Why Tracking Textbooks Should Matter
Textbooks can have a tremendous effect on what children learn, and an upcoming analysis from a University of Southern California researcher seeks to find out which books are in use in five large states.
But it’s hard to say which books are in use in which schools.
Morgan Polikoff, an assistant professor at the University of Southern California Rossier School of Education, set out to collect and analyze this information. He discovered, however, that few state agencies track this information. He turned to a tool common to journalists: freedom of information requests.
Interest in textbook adoption increased after most states adopted the Common Core state standards, a set of academic standards for English language arts and mathematics. Soon after, books and materials claiming to be “Common Core aligned” appeared in the marketplace.
Research shows textbooks influence teaching and learning, Polikoff said at a recent EWA seminar in Los Angeles, so research on this area could reveal ways to improve schools. Polikoff chose to look at textbook adoptions in California, Illinois, Texas, New York and Florida.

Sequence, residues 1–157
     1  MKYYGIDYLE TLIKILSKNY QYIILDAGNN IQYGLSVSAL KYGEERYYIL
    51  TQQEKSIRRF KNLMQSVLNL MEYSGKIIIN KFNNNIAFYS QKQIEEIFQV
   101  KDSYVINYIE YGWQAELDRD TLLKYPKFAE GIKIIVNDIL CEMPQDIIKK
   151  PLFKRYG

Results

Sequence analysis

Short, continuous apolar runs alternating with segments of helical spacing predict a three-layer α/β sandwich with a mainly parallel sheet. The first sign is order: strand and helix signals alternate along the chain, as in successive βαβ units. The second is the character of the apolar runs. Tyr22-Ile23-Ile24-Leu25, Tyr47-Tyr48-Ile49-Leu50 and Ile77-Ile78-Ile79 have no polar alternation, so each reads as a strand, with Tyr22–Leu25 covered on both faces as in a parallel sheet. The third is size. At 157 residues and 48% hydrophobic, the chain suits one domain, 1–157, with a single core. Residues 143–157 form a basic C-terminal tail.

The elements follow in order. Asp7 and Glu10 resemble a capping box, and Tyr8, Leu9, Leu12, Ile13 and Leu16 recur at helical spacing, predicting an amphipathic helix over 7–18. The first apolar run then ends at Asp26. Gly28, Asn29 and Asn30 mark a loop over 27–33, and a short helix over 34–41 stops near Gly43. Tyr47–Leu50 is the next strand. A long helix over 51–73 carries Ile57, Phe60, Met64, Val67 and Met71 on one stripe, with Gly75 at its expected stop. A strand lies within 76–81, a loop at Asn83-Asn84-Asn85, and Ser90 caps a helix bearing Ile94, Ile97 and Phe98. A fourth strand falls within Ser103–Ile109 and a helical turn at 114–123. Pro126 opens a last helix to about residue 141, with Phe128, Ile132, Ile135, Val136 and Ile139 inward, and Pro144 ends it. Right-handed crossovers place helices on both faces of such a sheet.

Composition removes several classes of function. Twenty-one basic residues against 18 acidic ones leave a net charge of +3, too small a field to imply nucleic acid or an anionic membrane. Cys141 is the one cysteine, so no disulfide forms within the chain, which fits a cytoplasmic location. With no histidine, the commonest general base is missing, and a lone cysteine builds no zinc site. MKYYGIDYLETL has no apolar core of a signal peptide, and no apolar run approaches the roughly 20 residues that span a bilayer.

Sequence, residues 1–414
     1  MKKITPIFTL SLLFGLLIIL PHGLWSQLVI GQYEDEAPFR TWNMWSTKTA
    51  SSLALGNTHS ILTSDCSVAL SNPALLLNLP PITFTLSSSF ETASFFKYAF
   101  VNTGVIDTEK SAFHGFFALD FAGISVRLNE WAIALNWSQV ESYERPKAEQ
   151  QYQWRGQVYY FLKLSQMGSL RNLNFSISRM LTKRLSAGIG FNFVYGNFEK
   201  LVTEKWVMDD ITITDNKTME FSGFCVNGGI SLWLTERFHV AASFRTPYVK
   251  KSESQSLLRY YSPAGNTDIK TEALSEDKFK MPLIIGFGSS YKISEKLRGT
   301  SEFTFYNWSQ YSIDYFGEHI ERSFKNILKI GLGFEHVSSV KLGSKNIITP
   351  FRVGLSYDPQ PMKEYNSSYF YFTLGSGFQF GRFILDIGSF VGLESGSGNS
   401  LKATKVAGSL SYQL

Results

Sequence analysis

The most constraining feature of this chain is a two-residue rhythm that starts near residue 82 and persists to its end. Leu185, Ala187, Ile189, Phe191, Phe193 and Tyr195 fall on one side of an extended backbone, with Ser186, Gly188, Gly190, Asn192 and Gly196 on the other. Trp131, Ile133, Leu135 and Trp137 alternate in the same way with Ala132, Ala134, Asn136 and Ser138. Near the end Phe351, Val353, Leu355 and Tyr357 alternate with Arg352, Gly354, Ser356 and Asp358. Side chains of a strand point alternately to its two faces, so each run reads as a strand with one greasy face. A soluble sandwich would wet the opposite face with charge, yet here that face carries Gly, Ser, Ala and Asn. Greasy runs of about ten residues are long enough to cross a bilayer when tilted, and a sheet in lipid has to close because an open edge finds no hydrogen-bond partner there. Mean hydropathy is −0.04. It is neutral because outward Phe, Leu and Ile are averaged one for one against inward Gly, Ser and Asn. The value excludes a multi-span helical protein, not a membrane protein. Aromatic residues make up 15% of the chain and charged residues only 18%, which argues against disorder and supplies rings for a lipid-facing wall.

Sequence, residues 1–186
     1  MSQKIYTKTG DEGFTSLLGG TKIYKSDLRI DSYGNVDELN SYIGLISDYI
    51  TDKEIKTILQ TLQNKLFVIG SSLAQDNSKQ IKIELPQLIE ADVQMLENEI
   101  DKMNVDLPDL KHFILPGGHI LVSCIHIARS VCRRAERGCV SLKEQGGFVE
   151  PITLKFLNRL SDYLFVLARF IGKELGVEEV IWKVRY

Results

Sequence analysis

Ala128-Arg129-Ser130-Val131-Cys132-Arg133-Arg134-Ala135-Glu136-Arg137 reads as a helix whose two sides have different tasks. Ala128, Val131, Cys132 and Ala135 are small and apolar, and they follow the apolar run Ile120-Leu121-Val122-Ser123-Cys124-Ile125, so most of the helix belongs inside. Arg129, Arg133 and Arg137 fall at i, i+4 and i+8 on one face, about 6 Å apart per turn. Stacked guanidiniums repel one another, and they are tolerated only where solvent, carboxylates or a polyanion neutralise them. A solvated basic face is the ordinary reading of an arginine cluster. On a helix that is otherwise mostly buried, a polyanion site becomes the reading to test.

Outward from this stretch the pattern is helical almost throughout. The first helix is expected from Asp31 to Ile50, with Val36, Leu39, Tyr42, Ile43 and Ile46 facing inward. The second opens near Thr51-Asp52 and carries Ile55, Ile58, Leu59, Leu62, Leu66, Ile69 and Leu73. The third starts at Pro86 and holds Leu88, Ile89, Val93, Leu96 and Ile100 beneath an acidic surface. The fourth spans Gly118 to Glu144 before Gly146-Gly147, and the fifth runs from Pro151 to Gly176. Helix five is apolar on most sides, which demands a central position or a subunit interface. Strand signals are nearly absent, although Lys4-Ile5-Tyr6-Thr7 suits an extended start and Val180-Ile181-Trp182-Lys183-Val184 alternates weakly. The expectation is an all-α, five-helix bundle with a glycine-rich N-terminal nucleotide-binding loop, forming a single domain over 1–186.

The variety of textbooks in use after the Common Core was adopted has increased, according to his preliminary research. (Here’s a link to Polikoff’s Feb. 25 presentation at the Education Writers Association seminar in Los Angeles.)
But getting that information has been harder than Polikoff anticipated. Texas provided uniform district-level reports with an overview of which books and other instructional materials are in use in public schools. California shares this information on report cards, but the information has proven to be incomplete and difficult to understand, he said. For instance, in California, he discovered that districts and schools were not fulfilling the spirit of a court order that is supposed to give parents information on which textbooks are in use. And in the three other states examined, Polikoff said he had to file public information requests to school districts.
His work, which is still ongoing, requires a team of people to manually review responses. Some responses came in the form of hand-written lists of books. And he’s discovered that some states are more likely to share this information than others. New York, for instance, seems to have a culture of denying information requests, he said. Florida, on the other hand, has strong open records laws and countywide school systems so school officials have turned over the information with less of a fight.
Local reporters could replicate this work by requesting this information from districts or schools in their state or region, Polikoff said. He expects to publish several studies on his work – including the adoption of test-preparation material use in Texas – in the coming months.